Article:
|HMS Monmouth (1901)|
|Builder:||London & Glasgow Shipbuilding Company|
|Launched:||13 November 1901|
|Fate:||Sunk 1 November 1914 at the Battle of Coronel|
|Displacement:||9,950 tons full load|
|Length:||448 ft (137 m)|
|Beam:||66 ft (20 m)|
|Draught:||25 ft (7.6 m)|
4-cylinder triple-expansion steam engines |
31 Belleville boilers
|Speed:||approx 23 knots|
|Endurance:||800 - 1,600 tons coal, 400 tons oil|
4 in (102 mm) belt|
5 in (127 mm) barbette, turrets, bulkheads, 2 inch (50 mm) deck maximum
Built in 1901, with her heaviest guns being fourteen 6 inch quick-firers, she had a weak armament for an armoured cruiser. In addition, most of the casemate 6 inch guns were situated so close to the waterline that they were unusable in all but the calmest weather. Her armour was also much too thin for an armoured cruiser and could be easily penetrated by artillery shells. These problems would prove disastrous for her thirteen years later at Coronel.
She served on the China Station between 1906 and 1913, before being put in the Reserve Fleet in January 1914.
On the outbreak of the First World War she was reactivated and sent to the 4th Cruiser Squadron (the West Indies Squadron) of Admiral Sir Christopher Cradock. She participated in the Battle of Coronel off the coast of Chile on 1 November 1914. Outmatched and with an inexperienced crew, she was quickly overwhelmed, being unable to use many of her guns due to the stormy weather. Early in the battle, a 21 cm (8.2 inch) shell from SMS Gneisenau penetrated the armour of the forward 6 inch gun turret, destroying it and causing a massive fire on the forecastle. More serious hits followed, and she soon could no longer hold her place in the line of battle. When it was clear that Monmouth was out of action, Gneisenau shifted fire to HMS Good Hope. A short while later, drifting and on fire, Monmouth was attacked by the newly arrived light cruiser SMS Nürnberg under the command of Kapitän zur See Karl von Schönberg, which fired seventy-five 10.5 cm (4.1 inch) shells at close range. Monmouth and Good Hope both sank with a combined loss of 1,570 lives. There were no survivors from either ship.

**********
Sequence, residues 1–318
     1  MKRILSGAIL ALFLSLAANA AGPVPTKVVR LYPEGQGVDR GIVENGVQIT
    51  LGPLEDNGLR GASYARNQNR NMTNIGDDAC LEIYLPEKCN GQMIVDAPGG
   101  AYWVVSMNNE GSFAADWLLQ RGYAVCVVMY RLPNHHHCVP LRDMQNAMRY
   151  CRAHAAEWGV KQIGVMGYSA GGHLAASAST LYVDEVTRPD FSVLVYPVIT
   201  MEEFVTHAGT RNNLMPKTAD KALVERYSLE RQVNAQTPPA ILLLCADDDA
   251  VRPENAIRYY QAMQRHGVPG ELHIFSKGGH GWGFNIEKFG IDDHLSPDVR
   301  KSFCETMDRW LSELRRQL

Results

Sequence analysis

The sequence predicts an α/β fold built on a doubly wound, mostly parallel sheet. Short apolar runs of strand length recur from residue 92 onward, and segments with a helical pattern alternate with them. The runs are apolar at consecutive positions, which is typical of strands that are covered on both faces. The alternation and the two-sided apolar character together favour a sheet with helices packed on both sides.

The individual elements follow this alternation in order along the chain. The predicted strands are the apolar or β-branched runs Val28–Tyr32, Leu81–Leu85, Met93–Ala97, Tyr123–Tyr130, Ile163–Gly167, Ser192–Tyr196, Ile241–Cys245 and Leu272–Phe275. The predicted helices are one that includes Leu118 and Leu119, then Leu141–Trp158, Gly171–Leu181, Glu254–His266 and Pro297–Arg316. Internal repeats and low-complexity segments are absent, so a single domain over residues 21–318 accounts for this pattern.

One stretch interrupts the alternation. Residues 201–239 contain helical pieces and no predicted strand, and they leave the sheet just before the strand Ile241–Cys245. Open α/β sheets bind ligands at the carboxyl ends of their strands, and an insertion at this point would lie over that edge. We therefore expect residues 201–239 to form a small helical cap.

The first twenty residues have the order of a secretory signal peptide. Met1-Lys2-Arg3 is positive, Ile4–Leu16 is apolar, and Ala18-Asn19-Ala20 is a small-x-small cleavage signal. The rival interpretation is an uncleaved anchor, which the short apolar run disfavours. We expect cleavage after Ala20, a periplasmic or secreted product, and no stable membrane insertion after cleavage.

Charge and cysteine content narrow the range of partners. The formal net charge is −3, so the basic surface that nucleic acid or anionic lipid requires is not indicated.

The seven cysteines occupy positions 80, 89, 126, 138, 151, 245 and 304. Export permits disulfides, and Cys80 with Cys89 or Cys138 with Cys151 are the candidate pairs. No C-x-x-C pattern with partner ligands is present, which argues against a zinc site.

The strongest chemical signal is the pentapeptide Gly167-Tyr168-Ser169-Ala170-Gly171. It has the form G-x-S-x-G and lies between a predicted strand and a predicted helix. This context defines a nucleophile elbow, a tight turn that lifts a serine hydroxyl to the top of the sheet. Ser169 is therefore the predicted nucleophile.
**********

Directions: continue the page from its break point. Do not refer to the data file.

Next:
- Geoffrey Bennet (2000). Coronel and the Falklands. Birlinn Limited. ISBN 1-84158-045-7.
- Jane's Fighting Ships of World War I. Studio Editions. 1990. ISBN 1-85170-378-0.
- Colledge, J. J.; Warlow, Ben (2006) . Ships of the Royal Navy: The Complete Record of all Fighting Ships of the Royal Navy (Rev. ed.). London: Chatham Publishing. ISBN 978-1-86176-281-8. OCLC 67375475.
- Gerhard Wiechmann (ed.): Vom Auslandsdienst in Mexiko zur Seeschlacht von Coronel. Kapitän zur See Karl von Schönberg. Reisetagebuch 1913-1914, Bochum 2004.
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